Potential Evasion Where IPS Fails to Validate TCP Checksums

Is it a problem if an Intrusion Protection System (IPS) does not validate TCP checksums? If you aren't familiar with the concept of TCP checksums, they're used as a means to ensure that data in the TCP header and TCP payload has not gotten corrupted in transit. This is done by taking the one's complement of all 16-bit fields of the TCP header and payload layers and some select fields from the IP header, adding them up, and placing the value in the checksum field of the TCP header. A receiving host performs this same calculation. If the value that the receiving host calculates matches the one found in the delivered TCP header checksum, the packet is accepted. If there is a mismatch, the packet is silently dropped.

Now, it might be tempting for an IPS solution to skip this validation process to save some time. I used to think that the only harm that could come from this was a false positive. For instance, let's say that someone sent a TCP segment with an invalid TCP checksum that contains malicious content "EVILSTUFF" covered by a rule or signature. The IPS would alert, but the end host would drop the packet. That's annoying but not harmful.

But, after some consideration, there are some ruses we can use for evasions. What if we can fool the IPS into resetting a session by sending a TCP reset with a bad checksum and then sending segments with malicious content? In this case, the IPS prematurely terminates the session with the bad reset, but the receiving host keeps the session open to receive the malicious data. Let's take a look at how this can be done. I'll use Snort to demonstrate the concept by using a default configuration that validates TCP checksums and later one that disables TCP checksum validation.

I've crafted a session and emulated the client-side of the conversation using Scapy. Here is the tcpdump output of the client's part of the session.

Assume that we have a Snort rule that looks for the content of "EVILSTUFF" in the payload. Segments 1 and 2 are part of the three-way handshake that establishes the session. Segment 3 is a bogus reset segment since it has an invalid checksum. Segment 4 sends contains half of the malicious content and segment 5 contains the other half. When the malicious content is split into two separate segments, the IPS is forced to reassemble the content. Finally, we send a valid reset in segment 6.

Let's run Snort using the pcap named "badchksum-rst.pcap" that captured both sides of the session created from the Scapy script. First, let's use the following configuration that defaults to performing TCP checksums.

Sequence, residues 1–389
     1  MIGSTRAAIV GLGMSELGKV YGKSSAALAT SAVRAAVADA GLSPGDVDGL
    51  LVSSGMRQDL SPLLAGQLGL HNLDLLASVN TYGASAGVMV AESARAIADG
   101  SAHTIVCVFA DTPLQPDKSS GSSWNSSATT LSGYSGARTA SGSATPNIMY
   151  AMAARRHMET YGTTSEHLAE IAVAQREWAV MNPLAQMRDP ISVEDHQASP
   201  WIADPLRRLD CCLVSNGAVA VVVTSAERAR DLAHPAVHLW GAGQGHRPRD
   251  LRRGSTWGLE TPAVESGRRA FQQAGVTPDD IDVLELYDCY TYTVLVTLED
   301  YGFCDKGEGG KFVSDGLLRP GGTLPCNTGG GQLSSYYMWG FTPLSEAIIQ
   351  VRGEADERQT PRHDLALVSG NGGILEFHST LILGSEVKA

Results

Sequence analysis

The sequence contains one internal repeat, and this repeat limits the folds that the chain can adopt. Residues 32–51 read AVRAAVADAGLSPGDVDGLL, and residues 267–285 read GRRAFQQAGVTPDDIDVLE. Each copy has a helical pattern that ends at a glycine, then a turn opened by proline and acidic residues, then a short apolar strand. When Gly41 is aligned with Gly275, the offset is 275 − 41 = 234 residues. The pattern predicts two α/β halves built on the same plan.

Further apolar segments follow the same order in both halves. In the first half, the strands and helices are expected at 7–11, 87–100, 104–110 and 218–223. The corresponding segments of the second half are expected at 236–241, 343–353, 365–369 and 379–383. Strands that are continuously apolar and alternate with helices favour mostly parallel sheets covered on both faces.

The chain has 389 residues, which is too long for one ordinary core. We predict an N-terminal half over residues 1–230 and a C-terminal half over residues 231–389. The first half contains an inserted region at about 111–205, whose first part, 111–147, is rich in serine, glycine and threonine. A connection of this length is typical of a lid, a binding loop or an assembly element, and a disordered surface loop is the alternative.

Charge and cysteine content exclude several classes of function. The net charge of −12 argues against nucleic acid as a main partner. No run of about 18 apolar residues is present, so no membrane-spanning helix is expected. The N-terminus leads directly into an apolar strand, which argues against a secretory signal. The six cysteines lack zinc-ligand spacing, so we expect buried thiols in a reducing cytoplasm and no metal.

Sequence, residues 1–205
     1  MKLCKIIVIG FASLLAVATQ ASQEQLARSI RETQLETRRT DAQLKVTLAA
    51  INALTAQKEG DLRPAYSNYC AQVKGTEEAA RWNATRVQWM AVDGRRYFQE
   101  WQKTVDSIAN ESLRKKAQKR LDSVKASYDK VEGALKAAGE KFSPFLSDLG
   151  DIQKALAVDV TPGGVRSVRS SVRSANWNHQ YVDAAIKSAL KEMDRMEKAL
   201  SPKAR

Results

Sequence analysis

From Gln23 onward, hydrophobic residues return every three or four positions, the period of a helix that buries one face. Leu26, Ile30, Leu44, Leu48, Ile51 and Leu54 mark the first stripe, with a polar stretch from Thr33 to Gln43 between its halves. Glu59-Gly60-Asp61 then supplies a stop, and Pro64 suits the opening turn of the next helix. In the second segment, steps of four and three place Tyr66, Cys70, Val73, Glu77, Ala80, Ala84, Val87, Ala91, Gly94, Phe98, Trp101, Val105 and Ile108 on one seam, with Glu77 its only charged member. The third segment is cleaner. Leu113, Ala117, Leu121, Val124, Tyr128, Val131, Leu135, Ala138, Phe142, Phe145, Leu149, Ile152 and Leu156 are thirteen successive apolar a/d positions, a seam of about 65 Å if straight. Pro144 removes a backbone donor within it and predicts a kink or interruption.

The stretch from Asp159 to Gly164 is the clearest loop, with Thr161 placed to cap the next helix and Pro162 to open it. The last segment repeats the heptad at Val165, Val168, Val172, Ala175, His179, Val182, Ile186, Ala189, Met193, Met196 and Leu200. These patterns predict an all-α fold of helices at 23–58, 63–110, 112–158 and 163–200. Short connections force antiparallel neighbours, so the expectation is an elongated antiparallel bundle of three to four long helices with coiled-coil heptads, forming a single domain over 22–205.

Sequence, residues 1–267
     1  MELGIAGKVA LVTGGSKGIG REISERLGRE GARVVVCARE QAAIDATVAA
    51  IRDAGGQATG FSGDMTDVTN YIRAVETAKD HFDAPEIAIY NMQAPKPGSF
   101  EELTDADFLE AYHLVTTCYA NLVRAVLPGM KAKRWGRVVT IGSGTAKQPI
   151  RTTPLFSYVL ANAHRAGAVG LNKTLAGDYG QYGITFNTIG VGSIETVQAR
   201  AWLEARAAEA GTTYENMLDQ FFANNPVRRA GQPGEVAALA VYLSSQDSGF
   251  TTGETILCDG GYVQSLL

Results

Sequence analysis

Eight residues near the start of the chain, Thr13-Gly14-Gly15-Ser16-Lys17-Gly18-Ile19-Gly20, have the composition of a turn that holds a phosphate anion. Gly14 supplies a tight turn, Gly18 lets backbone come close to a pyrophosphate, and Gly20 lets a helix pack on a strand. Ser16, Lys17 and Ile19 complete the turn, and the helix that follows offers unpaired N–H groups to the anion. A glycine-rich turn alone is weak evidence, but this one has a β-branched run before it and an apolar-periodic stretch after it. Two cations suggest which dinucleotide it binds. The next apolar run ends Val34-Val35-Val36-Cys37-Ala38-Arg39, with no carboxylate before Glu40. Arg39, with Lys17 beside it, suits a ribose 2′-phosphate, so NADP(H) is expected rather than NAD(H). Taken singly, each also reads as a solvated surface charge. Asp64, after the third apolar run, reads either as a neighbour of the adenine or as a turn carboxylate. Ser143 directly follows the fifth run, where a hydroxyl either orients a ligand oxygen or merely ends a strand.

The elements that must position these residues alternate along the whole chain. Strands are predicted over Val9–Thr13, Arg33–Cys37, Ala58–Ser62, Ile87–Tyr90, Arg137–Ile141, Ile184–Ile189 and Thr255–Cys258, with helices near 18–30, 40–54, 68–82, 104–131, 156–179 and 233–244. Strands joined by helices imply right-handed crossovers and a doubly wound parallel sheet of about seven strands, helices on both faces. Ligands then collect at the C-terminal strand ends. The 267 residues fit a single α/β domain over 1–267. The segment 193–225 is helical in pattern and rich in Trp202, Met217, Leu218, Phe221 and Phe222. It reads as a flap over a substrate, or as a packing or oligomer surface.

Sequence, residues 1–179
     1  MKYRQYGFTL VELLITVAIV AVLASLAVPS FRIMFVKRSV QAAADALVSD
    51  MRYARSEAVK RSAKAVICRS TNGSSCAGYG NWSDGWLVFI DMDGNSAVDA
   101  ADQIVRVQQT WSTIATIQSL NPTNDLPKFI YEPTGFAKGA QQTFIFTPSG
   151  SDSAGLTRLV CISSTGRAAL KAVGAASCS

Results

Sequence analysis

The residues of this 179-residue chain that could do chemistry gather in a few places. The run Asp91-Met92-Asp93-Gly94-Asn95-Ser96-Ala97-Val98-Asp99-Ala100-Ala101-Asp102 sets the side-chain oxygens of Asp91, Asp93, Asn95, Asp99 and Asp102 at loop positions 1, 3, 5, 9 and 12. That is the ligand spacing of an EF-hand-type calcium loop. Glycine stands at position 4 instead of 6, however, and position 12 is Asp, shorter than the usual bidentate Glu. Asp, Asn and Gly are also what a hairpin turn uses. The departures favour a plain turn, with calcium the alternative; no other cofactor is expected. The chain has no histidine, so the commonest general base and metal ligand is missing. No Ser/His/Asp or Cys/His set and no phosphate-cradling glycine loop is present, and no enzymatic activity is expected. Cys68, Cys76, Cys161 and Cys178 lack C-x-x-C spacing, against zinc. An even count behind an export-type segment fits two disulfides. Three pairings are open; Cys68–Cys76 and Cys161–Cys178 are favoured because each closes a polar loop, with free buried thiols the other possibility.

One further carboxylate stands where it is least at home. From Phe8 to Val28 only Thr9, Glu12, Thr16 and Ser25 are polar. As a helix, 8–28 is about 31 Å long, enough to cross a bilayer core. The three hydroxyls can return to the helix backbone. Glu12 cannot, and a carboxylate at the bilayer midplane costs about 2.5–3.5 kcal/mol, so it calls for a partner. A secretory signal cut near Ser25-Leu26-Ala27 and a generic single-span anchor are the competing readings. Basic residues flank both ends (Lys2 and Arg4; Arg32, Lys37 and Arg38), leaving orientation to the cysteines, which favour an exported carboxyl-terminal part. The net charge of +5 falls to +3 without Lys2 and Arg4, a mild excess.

This pertinent portion of the configuration simply uses the default stream5 configuration and contains a single Snort rule that looks for the uricontent of "EVILSTUFF" in an established session going to destination port 80. This configuration is stored in a file named "normal.conf".

Next, we'll run it using the following configuration.

The only difference is that I've added a configuration option to disable TCP checksum validation. This configuration is stored in a file named "turnoff-checksums.conf".

This first run using the default configuration of checksum validation generates an alert.

snort –A console –q –K none –c normal.conf –r badchksum-rst.pcap

07/04-21:56:59.145909 [**][1:123435:0] EVILSTUFF [**] [Priority: 0] {TCP} ->

However, the second run fails to alert using the configuration where TCP checksum validation has been disabled.

snort –A console –q –K none –c turnoff-checksums.conf –r badchksum-rst.pcap

This demonstrates that it is fairly easy to evade an IPS that fails to perform TCP checksum validation. There are several more tricks that can cause IPS evasions when TCP checksums are not validated. I'll demonstrate one or more in upcoming posts.

If you're interested in learning packet crafting such as the session I created for this experiment, I'm teaching a one-day SANS Scapy course at SANS Network Security at 2010 in Las Vegas in September.

I still have no students signed up for the course and I'm getting desperate. I've got 6 copies of the book I co-authored with Stephen Northcutt "Network Intrusion Detection: An Analyst's Handbook" sitting in a box in my basement gathering cricket legs. If you are one of the first six students to sign up and actually show up, I'll give you one of these copies free – cricket legs and all! And, I'll even sign it for you if you'd like if you feel it won't devalue it! Just tweet me - judy_novak - to let me know you've signed up!